The main burden of fighting the pandemic — from distributing aid and securing the transport of people and medical supplies, to patrolling cities — fell to the Lebanese military and (informally) Hezbollah in the area it controls independently of the government. Due to the dramatic economic situation, in April 2020 authorities introduced a five-phase plan to gradually reopen the country. In September, after another wave of COVID-19 cases, the Crisis Management Project was modified to classify geographical sectors into risk zones based on the United States Department of Health and Human Services system: The first/white zone meant very low risk of infection, while the fourth/red zone was characterized by a high risk of infection.
Restrictions were imposed on each zone depending on risk classification: from requirements to wear masks and maintain social distancing, to close monitoring of social contacts, to restricting movement in red zones. To better manage the zones, the Lebanese government created a digital platform to support the enforcement of social discipline. When the situation failed to improve under the partial restrictions, the government implemented a total lockdown in November 2020. Restrictions were loosened before Christmas, but due to the resulting increase in infections, a full lockdown was re-introduced in January. In February, the government announced a limited easing of the restrictions on movement and public services.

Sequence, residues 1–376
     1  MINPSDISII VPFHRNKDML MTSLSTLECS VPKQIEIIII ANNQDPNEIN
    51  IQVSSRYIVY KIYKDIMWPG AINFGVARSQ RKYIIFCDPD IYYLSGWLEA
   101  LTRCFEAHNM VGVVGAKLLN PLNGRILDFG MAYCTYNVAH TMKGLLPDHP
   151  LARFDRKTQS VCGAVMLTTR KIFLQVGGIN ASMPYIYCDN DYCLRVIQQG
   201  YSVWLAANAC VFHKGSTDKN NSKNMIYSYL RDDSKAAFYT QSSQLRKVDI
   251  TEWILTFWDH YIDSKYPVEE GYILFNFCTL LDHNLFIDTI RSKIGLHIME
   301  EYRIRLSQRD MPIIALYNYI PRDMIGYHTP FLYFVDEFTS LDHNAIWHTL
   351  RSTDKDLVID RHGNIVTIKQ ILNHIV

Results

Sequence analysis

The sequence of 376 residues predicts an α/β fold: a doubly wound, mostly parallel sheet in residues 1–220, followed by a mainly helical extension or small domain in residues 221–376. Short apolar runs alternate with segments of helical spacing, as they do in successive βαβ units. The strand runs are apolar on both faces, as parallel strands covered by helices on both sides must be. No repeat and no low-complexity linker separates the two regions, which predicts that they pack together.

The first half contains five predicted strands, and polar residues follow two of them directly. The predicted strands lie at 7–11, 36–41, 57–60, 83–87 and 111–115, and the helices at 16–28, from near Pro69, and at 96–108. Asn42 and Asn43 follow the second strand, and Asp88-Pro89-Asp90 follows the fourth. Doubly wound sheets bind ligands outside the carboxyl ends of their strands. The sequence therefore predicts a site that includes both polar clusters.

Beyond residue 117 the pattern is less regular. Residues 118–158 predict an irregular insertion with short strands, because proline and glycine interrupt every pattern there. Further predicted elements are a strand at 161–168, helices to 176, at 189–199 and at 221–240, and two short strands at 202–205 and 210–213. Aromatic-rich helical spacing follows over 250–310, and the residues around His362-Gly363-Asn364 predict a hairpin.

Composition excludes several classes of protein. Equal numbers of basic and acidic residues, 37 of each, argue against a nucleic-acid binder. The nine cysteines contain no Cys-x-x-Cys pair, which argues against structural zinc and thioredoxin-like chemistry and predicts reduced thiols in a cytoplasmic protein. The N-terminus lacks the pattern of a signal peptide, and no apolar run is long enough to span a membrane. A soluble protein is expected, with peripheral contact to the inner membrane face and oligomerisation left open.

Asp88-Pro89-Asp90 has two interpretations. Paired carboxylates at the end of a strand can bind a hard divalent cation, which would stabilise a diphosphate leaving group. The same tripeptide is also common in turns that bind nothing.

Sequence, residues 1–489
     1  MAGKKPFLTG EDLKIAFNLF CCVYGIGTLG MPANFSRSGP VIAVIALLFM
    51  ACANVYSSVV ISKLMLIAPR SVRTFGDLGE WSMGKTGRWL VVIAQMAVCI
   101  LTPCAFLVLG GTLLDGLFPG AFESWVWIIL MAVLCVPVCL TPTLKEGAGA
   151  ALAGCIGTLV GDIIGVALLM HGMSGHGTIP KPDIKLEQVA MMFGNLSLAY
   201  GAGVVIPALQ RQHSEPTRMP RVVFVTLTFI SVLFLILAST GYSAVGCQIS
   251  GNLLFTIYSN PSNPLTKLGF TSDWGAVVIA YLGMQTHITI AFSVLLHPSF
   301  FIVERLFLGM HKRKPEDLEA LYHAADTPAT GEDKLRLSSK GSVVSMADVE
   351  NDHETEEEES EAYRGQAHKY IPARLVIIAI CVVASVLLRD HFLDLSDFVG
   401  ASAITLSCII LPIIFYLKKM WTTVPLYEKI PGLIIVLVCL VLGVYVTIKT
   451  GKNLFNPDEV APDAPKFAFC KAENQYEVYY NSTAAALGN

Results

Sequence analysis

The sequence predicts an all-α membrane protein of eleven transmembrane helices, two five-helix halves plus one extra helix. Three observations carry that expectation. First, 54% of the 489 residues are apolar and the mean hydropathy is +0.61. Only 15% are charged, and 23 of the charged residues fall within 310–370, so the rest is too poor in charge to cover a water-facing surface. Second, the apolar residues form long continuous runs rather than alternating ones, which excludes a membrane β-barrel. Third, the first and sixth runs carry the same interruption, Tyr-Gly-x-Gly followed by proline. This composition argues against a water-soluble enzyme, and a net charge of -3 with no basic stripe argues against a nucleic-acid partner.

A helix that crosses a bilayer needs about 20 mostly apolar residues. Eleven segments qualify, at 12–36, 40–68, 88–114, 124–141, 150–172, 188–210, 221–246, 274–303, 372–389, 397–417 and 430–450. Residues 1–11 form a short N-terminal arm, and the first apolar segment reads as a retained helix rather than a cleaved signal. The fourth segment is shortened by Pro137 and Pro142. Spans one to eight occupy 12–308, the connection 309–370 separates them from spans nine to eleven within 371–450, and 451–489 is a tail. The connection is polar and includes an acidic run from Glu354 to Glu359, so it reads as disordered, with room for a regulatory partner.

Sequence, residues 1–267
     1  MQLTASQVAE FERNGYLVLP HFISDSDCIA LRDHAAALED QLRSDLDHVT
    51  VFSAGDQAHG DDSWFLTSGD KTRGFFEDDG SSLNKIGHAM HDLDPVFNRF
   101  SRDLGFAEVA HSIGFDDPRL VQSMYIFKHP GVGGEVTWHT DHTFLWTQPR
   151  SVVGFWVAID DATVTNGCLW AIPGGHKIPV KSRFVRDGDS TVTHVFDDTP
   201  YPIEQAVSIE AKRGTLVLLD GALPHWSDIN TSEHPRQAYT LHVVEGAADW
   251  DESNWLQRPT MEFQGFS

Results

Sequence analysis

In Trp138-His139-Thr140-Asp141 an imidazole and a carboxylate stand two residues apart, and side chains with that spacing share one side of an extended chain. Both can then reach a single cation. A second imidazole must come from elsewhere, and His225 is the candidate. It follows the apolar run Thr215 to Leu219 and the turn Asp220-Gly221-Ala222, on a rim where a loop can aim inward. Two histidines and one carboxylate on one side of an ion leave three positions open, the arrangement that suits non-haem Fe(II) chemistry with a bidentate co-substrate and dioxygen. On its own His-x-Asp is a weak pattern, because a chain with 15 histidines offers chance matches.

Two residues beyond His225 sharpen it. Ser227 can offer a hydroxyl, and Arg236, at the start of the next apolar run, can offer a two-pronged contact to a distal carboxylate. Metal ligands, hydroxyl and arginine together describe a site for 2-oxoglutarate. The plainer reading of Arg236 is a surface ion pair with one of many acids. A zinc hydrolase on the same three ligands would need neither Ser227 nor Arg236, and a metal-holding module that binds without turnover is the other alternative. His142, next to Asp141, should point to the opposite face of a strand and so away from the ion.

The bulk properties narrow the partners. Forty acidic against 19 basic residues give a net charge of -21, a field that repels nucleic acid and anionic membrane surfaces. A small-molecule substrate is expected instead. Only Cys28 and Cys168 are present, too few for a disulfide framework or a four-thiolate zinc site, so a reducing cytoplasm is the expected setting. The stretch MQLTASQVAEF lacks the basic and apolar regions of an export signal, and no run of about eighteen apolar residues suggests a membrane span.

Algeria implemented a slightly different scenario. While most of its measures were in line with those adopted by Lebanon, the Algerian authorities reacted quickly to the spread of the virus. Direct airline connections between Algiers and Beijing were suspended at the beginning of February 2020. At sea, land and air border-crossing points, extraordinary control measures and thermal imaging cameras were introduced. The country launched a media information campaign. As happened in Lebanon, social media reported unofficially about the first deaths in February 2020. Similar to Lebanon, the Algiers authorities denied these reports. However, at the end of February, under pressure because of published reports about the virus, Health Minister Abderrahmane Benbouzid confirmed the first cases of COVID-19, which most likely reached Algeria from Italy. More infections, thought to be from France, were also announced.